The energetic Jim Price opens things up with a standard pre-amble. At the 0:35 mark, long time play by play man George Kell starts the intro and sounds like something out of a science fiction movie with his familiar Arkansas drawl deeply effected by laryngitis. Kell's color man Al Kaline gives Kell the business and seems concerned whether he's up to task. Kaline, a splendid rightfielder, but just a decent color man reads the lineups and goofs on Jason Giambi's surname, calling him "Yambi".
Growing up as a Tiger fan, I was fortunate to have Hall of Famer Ernie Harwell and the baritone Paul Carey calling games on the radio. On TV it was Kell and Kaline who were dubbed as a HOF duo (more on that later). Jim Price later joined them as a third wheel. Why stubborn ol' George didn't hand the mic off to Price, I don't know. Kell sure sounds like his voice needs a break and Price, while not a strong play-by-play man, was certainly capable. I don't recall watching this game so I don't know if Kell stayed on air long enough to call Geronimo Berroa's two-run walk off home run or not.
The Tigers were a terrible team in '96 going 53-109 and at one point were 13-46. Sparky Anderson had managed his last game the year prior and the team was run by new skipper Buddy Bell. Alan Trammell was in his last year and Cecil Fielder would be dealt to the Yankees before the year was over. Led by Bobby Higginson and Travis Fryman the Tigers could put runs on the board but were terrible on the mound. Felipe Lira and Omar Olivares were the only two pitchers to start more than 17 games as nominal ace Justin Thompson missed most of the year. The team ERA was 6.38. Yes six-thirty-eight.
Oakland still had Mark McGwire and Terry Steinbach cranking out homers but they too had pitching woes with a 5.20 ERA and finished 78-84. It appears Giambi is the last active player from this game.
Back to the Tigers broadcast tandem of Kell and Kaline. Kell had a certain warmth that made it seem like you were talking baseball with your friendly neighbor. He had a habit of getting over excited on fly balls that fell well short of the fence and into the mitts of awaiting outfielders. One time I recall his voice escalating on a pop-up that was caught by the second baseman in short rightfield. I doubt Kell was trying to be dramatic. I think he just had bad eyes.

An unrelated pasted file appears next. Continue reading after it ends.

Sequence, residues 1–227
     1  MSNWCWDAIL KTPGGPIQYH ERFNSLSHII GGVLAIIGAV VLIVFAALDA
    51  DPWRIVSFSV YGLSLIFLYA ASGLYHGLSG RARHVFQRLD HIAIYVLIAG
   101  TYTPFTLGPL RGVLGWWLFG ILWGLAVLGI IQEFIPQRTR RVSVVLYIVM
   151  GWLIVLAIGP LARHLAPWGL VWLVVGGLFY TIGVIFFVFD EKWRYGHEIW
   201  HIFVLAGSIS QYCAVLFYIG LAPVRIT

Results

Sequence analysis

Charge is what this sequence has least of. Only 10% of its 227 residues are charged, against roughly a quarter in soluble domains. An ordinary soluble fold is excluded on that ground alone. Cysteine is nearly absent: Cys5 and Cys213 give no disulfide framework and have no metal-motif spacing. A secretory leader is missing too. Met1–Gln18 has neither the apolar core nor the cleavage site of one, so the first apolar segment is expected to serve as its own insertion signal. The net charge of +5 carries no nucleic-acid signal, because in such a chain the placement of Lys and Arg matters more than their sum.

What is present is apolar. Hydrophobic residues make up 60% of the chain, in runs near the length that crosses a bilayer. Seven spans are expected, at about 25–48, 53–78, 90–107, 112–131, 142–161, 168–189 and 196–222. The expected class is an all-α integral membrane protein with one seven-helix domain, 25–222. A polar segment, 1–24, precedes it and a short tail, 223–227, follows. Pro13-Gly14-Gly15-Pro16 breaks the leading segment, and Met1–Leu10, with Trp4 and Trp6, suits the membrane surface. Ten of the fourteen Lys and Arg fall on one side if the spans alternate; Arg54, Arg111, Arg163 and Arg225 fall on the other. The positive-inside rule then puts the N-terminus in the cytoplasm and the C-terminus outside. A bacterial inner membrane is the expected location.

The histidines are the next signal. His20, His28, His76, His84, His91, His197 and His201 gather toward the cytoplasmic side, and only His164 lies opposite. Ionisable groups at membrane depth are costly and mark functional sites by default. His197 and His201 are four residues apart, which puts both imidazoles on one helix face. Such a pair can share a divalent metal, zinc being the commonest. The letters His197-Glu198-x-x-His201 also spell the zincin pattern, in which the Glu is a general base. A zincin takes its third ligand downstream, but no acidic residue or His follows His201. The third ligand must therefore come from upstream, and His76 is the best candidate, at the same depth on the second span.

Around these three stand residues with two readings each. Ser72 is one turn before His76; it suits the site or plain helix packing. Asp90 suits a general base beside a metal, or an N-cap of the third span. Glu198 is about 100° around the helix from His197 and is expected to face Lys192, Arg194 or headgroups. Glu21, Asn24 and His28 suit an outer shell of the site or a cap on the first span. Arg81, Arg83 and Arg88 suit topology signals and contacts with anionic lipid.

He was also prone to overstating a player's talent, making comments that some average opposing player was one of the best in all of baseball. Well I suppose on a global scale all players in MLB are the best but...you get my point. No one was buying Pat Kelly or Vance Law as an All-Star. Don't get me wrong Kell was a joy to listen to.
Kaline always came through with solid analysis and was big on fundamentals. Kaline was often mangling guys names which was comical and sometimes frustrating. Jim Price was on board late toward the Kell-Kaline run and brought a third voice to the booth. Price still does color commentary on Tigers radio and while he doesn't carry the pedigree of Kell or Kaline on the field or in the booth he's become a friendly familiar voice.
Kell and Kaline were tabbed as the Hall of Fame team and Kaline is certainly deserving. Kell batted .306 in a 15 year career amassing over 2,000 hits. He was a ten time AL All-Star and famously edged Ted Williams for the batting crown in 1949. Kell was elected by the Veterans Committee in 1983 after he never cracked 40% in the writers vote when he was eligible. His 34.5 career WAR is often cited as one of the Hall's weakest selections. Maybe it was a lack of third basemen in the Hall that helped his cause.
George Kell was a very good player, a fine broadcaster, and memories of him calling Tigers games will last forever. After starting in radio in the 60's and then moving on to TV in the 70's the '96 season would be Kell's last behind the microphone. Kell passed away in 2009 at the age of 86.